There’s no question about majority of people dreading going to the dentist. There are some out there that even hate the thought of a dental appointment. The loud whirr of the drill, the sight of the instruments, and the dreaded dentist chair are enough to give even the most rational individuals some sort of “dental phobia.”
For some patients, a trip to the dentist can trigger a fight or flight response. As dental professionals, it’s our job to provide coping mechanisms that allow our patients to feel safe and comfortable the moment they step foot into our practices. We must alleviate their dental fear to create a space they’ll want to come back to again and again.
So what can we do as dentists to ensure we’re creating a space that soothes away their fears? Here are a few tips you can use next time you come across a fearful patient.
1. Be punctual
Few things amplify a patient’s anxiety and fear of the dentist than having to wait around for the dentist to finish their previous appointment. The longer the wait in the waiting room, the more amplified their fear and stress becomes. This can result in patients experiencing stress, anxiety, and a paralysing fear of dental treatment.
As dential professionals, it’s difficult to always run exactly on time. But if it is a new patient who seems rather fearful of your practice, the best thing to do is to ensure your office offers a time slot that enables a timely response.
This could be the first appointment of the day or the first appointment after lunch. Scheduling their appointment at a time when you know you’ll be on time limits their waiting time in your clinic, reducing their stress and anxiety.
2. Offer active engagement
An important dental patient management tool that can aid in dissuading fear in your patients is to offer a proactive approach that engages and educates your patients. The waiting room can be the breaking point in patient care. The longer they wait, the less satisfied they become and the more stressed they get.
The waiting room may negatively reinforce their fears of the dental office. To improve the “down time” in the waiting room, forget the stacks of old magazines. Actively engage your patients by offering mediums that educate and inform them.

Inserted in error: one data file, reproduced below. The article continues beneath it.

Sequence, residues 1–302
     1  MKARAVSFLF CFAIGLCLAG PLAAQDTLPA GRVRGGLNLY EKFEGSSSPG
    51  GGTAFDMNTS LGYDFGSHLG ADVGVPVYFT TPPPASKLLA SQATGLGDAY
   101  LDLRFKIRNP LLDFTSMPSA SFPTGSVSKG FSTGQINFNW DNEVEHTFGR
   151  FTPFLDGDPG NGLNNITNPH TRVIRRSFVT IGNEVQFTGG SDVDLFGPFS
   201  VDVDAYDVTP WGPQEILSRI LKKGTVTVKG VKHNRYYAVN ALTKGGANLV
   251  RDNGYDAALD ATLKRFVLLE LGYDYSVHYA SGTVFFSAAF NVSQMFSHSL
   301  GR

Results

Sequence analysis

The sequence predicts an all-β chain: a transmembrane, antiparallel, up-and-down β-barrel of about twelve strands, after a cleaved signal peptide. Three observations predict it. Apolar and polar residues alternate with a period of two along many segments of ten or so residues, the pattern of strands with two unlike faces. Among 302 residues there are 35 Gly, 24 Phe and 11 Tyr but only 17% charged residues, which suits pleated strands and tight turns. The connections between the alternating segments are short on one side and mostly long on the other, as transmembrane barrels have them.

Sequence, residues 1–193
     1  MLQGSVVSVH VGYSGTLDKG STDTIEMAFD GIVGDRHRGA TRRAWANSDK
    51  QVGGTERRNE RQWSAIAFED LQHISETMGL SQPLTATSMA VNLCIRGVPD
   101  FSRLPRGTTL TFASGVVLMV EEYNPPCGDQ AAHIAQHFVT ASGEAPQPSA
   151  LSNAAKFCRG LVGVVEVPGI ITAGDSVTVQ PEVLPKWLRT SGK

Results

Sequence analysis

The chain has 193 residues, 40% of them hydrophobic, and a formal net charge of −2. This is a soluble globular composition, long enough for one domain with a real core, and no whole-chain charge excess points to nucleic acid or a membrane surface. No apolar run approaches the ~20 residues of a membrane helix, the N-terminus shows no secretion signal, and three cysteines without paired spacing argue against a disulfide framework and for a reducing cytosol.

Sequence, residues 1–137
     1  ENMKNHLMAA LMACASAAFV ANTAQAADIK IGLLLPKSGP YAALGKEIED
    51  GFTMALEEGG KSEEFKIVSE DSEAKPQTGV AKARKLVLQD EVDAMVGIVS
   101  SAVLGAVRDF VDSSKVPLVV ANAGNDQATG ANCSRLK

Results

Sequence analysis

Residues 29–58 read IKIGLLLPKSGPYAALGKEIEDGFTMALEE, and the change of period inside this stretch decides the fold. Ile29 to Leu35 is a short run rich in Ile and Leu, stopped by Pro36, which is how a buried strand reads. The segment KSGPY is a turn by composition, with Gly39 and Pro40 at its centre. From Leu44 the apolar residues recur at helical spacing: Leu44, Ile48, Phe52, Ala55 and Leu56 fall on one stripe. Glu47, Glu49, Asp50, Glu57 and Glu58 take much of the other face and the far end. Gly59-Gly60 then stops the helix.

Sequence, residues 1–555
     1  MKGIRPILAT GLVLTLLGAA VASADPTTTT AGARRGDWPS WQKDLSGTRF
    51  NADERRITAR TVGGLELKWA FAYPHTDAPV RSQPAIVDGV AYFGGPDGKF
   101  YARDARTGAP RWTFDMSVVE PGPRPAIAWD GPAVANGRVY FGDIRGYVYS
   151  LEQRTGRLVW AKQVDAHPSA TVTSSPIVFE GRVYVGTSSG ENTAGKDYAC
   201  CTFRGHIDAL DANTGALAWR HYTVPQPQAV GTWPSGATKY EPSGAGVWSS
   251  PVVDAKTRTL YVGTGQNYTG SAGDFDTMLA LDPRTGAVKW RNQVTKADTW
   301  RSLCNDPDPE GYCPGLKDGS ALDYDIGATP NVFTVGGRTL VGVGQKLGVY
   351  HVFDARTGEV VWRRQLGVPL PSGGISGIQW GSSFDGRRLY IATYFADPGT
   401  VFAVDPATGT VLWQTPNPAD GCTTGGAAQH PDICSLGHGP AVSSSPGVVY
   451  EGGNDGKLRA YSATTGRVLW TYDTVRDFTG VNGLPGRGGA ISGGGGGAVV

A dedicated TV channel that coaches patients about the importance of oral care and oral health enable patients to recognise the importance of proper preventative care. Not only is this extremely beneficial at keeping patients occupied, but it positively reinforces their visit to the dentist. Such active engagement promotes awareness and creates open dialogue between you and your patients.
3. Ask questions
Dental anxiety often stems from previous negative experiences with a dental practice. And while dentistry and oral health management have come a long way with the assistance of technology, dental anxiety will often create a lifelong fear of dental care, no matter how much improvement the practice has undergone.
Patient care must include the opportunity to listen to a patient’s fear and mistrust of the dentist. Focusing on positive chairside manners creates productive dialogue. Creating a personalised experience in which you discuss their fears or triggers empowers patients to feel more confident about visiting the dental office.
Rapport and open communication create an encouraging environment that will rapidly build trust between patient and dentist.
4. Introduce positive psychological approaches
Managing dental anxiety can also be done without introducing specialised products or services.
When it comes to children, in particular, dentists may find that positive reinforcement becomes a useful incentive to dissuading fear in a patient. This approach works when positive reinforcements are provided through verbal acknowledgment or tangible rewards. Encouragement through positive reinforcement has been shown to obtain the necessary cooperation from patients to create a positive outcome from the experience.
One psychological exercise that translates well in reducing a patient’s fear is relaxation through paced breathing. Relaxation breathing is an effective method to lower anxiety. It also aids in diminishing perceived pain from dental instruments.
5. Implement rest breaks
Initiating the concept of rest breaks introduces a sense of control within your patients’ psyche. Dentists who initiate periodic rest breaks increases the predictability of dental processes, reducing the feeling of anxiousness or fear in a patient. The anticipation of a short break during procedures enables patients to calm themselves, improving quality of care and overall experience.
Dentists must take care to create a space that includes a positive preventative care experience. As we all know, the consequences of dental phobia can result in far greater issues beyond oral pain or the loss of teeth. To ensure proper oral care, patients must feel comfortable enough to keep their dental appointments.
Introducing these practices to your patients’ dental experience creates an assurance that your practice and its procedures are nothing to be afraid of.
Dr. Yvette Porter is the founding dentist at Apple Dental in Newstead, Brisbane, which she started over 11 years ago, and continues to own and practice there today. She works with a team of female dentists who aim to provide gentle, and affordable dental care to patients in Brisbane. Dr. Porter is a member of the Australian Dental Association and is passionate about family, and children’s dentistry, hoping to make their dental experience truly pleasant.
Posted by Gemma